4. Rolling the Arm Inward
We’ve already addressed the miniature shoulder hunch that can sabotage you statements, and I’m sure you’re no stranger to the idea that hunched shoulders convey depression or insecurity, among other self deprecating emotions.
But what you may not know is that pulling your shoulders back, back, back will have very little effect on your posture – and the messages you’re sending – if you don’t address this little problem.
You see, shoulders back is good, but it takes a lot of tension to pull against something that’s tight. Which is why so many people are complaining about their bad posture but feeling unable to do much about it.
You yank your shoulders back and as soon as your brain shifts focus to something else, they’re hunched forward again, sabotaging not only your authority but every photo your aunt Sally tags you in on Facebook.
Fortunately, you can open those shoulders with this little trick. When shoulders are rolled forward, usually the humerus – upper arm bone – is, too. If you look at yourself standing in front of the mirror, can you see the backs of your hands?
If yes, then you test positive for a medially rotated humerus, which is different from having a twisted sense of humor, by the way.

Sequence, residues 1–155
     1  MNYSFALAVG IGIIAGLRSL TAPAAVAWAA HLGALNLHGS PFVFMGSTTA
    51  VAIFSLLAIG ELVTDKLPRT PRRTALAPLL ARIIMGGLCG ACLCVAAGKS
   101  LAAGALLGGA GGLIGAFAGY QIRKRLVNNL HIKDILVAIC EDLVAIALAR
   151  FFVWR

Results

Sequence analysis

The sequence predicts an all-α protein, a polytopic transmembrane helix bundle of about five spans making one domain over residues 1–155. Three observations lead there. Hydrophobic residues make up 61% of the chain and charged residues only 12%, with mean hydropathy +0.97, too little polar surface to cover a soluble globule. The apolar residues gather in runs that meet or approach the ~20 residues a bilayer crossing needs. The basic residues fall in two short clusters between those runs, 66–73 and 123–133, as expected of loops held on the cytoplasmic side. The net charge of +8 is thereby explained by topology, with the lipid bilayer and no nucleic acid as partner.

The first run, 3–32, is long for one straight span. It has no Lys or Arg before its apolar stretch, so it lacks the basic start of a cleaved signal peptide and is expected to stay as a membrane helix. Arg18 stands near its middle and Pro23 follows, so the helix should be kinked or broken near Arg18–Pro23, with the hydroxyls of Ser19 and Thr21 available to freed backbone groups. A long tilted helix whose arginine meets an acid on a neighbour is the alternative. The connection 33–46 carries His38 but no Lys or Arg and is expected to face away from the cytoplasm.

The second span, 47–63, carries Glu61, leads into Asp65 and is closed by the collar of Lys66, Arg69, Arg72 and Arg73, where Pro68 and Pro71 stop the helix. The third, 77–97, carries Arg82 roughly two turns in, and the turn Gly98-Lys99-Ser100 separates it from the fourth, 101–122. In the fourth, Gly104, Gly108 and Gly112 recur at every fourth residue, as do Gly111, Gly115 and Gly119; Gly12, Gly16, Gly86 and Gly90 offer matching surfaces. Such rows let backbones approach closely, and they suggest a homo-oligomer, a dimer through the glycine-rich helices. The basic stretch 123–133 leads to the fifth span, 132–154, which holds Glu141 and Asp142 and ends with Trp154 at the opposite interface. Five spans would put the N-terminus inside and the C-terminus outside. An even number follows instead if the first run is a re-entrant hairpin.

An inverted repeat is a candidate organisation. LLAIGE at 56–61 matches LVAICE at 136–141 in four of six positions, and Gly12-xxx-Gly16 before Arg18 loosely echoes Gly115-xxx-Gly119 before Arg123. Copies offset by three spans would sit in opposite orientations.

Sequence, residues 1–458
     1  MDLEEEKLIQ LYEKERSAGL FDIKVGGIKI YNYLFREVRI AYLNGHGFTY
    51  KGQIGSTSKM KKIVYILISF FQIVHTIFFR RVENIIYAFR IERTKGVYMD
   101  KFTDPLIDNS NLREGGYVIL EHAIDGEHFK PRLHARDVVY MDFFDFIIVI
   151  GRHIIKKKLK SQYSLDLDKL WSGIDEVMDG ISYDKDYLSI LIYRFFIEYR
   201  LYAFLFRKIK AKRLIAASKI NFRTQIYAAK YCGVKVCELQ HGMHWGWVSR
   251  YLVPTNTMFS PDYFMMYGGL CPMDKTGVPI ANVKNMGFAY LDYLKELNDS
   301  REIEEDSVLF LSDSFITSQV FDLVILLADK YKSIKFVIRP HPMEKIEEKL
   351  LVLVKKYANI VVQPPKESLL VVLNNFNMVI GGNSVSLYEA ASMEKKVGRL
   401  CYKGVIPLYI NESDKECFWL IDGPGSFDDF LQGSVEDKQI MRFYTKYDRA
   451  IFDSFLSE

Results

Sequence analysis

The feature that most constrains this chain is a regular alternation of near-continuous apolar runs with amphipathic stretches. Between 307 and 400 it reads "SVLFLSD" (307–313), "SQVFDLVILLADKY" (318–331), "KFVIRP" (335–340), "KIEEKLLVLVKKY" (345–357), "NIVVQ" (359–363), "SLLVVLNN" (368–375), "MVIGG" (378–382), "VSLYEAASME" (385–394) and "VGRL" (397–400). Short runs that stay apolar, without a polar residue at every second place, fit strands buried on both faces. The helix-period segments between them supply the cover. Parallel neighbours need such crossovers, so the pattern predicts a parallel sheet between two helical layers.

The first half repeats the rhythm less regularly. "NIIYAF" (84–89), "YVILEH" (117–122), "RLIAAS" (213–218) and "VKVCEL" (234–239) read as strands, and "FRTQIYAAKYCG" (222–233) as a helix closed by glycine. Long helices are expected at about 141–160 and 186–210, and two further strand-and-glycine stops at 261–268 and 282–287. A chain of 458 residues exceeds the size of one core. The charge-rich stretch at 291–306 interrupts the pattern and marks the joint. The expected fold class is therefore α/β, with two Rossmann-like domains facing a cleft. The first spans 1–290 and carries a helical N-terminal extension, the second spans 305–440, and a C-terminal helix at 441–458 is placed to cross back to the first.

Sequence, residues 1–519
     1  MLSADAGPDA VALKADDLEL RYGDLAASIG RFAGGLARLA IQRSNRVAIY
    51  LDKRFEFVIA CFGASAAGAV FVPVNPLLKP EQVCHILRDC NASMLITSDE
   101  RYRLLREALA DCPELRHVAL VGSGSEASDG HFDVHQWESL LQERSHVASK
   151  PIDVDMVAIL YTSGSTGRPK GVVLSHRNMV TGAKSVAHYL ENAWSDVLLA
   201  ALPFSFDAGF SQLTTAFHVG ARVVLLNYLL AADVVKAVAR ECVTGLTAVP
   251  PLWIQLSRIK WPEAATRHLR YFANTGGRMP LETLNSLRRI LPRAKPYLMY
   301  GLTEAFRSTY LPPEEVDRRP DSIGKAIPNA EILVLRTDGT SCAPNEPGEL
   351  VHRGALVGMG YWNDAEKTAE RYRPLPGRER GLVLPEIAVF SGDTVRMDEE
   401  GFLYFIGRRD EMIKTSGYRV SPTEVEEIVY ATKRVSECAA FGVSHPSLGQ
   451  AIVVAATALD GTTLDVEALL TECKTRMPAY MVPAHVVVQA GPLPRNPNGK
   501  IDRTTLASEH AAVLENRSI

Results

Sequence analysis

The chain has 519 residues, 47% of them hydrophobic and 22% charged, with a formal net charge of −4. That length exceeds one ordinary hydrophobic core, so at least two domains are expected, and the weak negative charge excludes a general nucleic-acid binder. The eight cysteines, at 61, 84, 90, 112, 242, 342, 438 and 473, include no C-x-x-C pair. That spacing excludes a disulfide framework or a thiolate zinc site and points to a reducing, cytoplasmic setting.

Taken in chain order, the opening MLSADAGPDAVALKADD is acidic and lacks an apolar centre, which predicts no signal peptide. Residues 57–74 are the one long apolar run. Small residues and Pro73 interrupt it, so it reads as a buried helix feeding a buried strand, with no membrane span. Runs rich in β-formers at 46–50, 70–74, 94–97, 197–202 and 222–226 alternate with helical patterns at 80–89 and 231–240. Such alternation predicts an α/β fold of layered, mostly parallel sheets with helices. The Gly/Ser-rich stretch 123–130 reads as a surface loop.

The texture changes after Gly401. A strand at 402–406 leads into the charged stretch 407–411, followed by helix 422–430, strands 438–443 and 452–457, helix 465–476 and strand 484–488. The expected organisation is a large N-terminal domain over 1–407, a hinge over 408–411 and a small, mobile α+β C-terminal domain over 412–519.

This one might be the simplest fix yet. Just roll your hands so your thumbs are showing in the mirror and imagine there’s a string drawing your elbows toward each other behind your back (think magnetizing so your elbows are attracted to one another, not clenched to your sides).
Voila, open shoulders! Wasn’t that easy?
5. Locked Knees
No one talks about your knees, especially not regarding posture. I mean, what is there to say about them? They’re there, they hold you up, and as long as your legs are straight, all is well, right?
Not exactly. Knees send a subtle signal that no one (at least not that I’ve met) is aware of. When you’re stressed or overwhelmed, when nerves crawl up your spine and plant jumping beans in your belly, you will lock your knees.
Pulling your knees behind the vertical line shoves your femur (thigh bone) up into your pelvis, putting pressure on your lower back.
But more than that, it effectively cuts you off right at said knee joint. You no longer feel the ground. All your energy is held high. In classic hippie terms, you’re not grounded.